Archive for September, 2011

Game – Test small, test often

September 15, 2011

This is a game to demonstrate Testing small and Testing often is more affective. Take any building blocks. I used Jenga wooden blocks.

I chose 36 Jenga blocks and numbered them from 1 – 36. I asked one person who is pretending to be a Developer to build a structure with the blocks:


  1. Build a structure that is at least 3 stories taller.
  2. Use all the blocks.
Something like:

I asked upon another person who is pretending to be tester. I gave four random numbers between 1 and 36 and told her they are problem blocks. We are going to play three rounds:

  1. Round 1: Tester is allowed to come and verify the built structure only after the whole structure is built. Tester points out problem blocks and the developer need to get rid of them and comply with the requirements.
  2. Round 2 : In this round the tester is allowed to point out the problem blocks after every 9 blocks (one fourth) are put in. So, tester gets 4 opportunities to give feed back.
  3. Round 3: Tester is allowed to work with the developer as he is building the structure and point out if he is using a problem block.

What did we learn:

Tester and developer when worked together, delivers high quality software with less rework. The first case depicts water fall where testing happens after the software is built. If the bugs found are more fundamental (like blocks in the first level), the project will be delayed more.

In the second case, feedback is faster. Developer could correct the code early and there is less risk than the option 1.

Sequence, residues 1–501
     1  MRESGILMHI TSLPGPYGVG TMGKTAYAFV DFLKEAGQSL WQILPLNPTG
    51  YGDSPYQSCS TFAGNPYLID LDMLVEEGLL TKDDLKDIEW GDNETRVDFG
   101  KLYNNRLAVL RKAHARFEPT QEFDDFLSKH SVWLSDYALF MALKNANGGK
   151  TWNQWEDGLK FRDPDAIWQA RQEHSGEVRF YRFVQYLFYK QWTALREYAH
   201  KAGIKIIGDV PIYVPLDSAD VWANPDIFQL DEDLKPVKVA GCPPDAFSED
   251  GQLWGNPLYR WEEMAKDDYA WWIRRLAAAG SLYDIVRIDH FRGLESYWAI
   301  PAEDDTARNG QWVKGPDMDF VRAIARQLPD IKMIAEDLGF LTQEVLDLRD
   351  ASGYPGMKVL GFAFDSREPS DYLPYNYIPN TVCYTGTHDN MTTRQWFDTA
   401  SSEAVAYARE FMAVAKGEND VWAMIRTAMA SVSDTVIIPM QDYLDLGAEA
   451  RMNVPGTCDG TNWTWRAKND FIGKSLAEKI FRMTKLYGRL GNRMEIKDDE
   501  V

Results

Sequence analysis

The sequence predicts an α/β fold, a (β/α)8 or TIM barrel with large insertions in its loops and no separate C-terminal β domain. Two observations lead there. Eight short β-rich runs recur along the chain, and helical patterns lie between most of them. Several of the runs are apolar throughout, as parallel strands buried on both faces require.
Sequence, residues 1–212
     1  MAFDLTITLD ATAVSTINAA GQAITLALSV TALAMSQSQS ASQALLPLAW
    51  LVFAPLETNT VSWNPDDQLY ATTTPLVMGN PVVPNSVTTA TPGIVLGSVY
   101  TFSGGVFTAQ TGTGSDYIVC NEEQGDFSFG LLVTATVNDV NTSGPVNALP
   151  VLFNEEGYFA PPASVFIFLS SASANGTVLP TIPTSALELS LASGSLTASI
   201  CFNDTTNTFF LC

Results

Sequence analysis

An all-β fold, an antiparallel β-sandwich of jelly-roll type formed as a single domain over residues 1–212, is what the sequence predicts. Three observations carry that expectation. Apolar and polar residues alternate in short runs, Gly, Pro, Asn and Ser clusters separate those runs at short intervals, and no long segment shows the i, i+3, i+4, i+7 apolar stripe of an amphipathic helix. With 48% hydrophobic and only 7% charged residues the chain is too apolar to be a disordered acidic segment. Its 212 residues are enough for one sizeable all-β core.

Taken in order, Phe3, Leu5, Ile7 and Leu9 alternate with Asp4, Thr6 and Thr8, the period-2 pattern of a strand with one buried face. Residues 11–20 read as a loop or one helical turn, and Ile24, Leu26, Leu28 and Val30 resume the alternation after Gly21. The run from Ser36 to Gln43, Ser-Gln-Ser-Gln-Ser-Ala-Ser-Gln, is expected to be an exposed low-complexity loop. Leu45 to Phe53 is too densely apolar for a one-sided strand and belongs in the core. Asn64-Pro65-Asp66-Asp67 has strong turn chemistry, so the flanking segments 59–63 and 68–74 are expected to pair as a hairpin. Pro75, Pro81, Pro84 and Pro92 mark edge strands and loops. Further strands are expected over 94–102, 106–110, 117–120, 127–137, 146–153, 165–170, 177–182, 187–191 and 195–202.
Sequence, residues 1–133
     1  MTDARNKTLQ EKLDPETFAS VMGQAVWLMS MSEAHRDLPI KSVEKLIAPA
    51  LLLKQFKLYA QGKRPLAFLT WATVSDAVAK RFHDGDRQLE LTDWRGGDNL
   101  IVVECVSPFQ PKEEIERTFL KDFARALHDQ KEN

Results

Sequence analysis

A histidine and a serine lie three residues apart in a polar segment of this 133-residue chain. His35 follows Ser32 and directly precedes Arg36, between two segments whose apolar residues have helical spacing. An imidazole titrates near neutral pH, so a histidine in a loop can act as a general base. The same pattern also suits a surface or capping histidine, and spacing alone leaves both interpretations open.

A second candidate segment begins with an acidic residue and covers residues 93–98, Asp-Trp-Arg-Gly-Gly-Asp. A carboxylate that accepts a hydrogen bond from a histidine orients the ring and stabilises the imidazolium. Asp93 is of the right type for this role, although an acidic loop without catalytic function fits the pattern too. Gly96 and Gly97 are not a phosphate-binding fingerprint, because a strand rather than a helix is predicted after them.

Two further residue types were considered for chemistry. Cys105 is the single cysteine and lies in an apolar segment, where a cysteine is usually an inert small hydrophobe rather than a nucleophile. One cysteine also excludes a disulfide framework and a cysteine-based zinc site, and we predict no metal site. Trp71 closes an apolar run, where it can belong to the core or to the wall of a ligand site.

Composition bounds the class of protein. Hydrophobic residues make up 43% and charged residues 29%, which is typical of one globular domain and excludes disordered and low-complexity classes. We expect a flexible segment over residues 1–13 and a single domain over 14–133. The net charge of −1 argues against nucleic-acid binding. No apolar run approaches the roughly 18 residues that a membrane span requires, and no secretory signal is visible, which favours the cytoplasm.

In the third case, it is the most agile way and the tester is helping developer avoiding putting the bugs in. It may not be possible to reach this in software development. Getting as close as possible to this level of agility is what an agile team should try for.


Test First Development is like driving a car with GPS

September 6, 2011

I had this funny thought that what if you have a GPS that tells you that you made a wrong turn only after you made a turn (I know no one will use one like that), what will happen?

Lets say you are driving around with this kind of GPS and reached an intersection. You made a right turn and the GPS beeped that it is a wrong turn. What do you do? If you are in India, you just reverse your car and take a different choice. If you are in US, you may have to find a “U” turn and come back to the intersection and then make another choice.

When we don’t do Test First Development this is how it feels like.  Every time a bug is found, developer needs to figure out what and where to fix. This could take a significant amount of time, depending on how well the code is designed.  Of course, GPS is pre loaded with maps and a developer needs to create his own GPS (executable tests) before starts his journey (coding).

Once a bug is found, developer has two choices:

1)   Some how quickly fix it. This is very likely, if the code is not well factored, since it could take lot of rework to fix the bug. If the developer is in a hurry, he wants to patch it up and move on. This is like in Indian scenario above where you could bump into on coming traffic or someone and create a bigger mess, that leave the code in an undesirable state.

2)   Take the right path by re-factoring the code and place the fix , which takes longer.

Test First development helps reduce number of bugs since the code is driven by executable tests and also helps fixing the bugs, if found, easy since the code is better designed.  Here the tests are the GPS for coding and helps you reach your destination faster.

Hope, this makes sense!